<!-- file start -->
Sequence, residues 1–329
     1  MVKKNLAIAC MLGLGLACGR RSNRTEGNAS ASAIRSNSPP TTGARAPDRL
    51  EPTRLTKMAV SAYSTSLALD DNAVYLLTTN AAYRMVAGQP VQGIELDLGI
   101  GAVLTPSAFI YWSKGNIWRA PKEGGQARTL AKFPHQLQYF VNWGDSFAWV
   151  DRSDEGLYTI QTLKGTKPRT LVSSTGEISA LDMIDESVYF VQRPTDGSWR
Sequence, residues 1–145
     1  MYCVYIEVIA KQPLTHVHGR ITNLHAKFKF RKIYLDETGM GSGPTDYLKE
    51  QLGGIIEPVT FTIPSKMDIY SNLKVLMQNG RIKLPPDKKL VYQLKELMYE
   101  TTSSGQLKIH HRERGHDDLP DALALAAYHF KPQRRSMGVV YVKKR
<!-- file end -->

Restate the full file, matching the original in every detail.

Sequence, residues 1–329
     1  MVKKNLAIAC MLGLGLACGR RSNRTEGNAS ASAIRSNSPP TTGARAPDRL
    51  EPTRLTKMAV SAYSTSLALD DNAVYLLTTN AAYRMVAGQP VQGIELDLGI
   101  GAVLTPSAFI YWSKGNIWRA PKEGGQARTL AKFPHQLQYF VNWGDSFAWV
   151  DRSDEGLYTI QTLKGTKPRT LVSSTGEISA LDMIDESVYF VQRPTDGSWR
Sequence, residues 1–145
     1  MYCVYIEVIA KQPLTHVHGR ITNLHAKFKF RKIYLDETGM GSGPTDYLKE
    51  QLGGIIEPVT FTIPSKMDIY SNLKVLMQNG RIKLPPDKKL VYQLKELMYE
   101  TTSSGQLKIH HRERGHDDLP DALALAAYHF KPQRRSMGVV YVKKR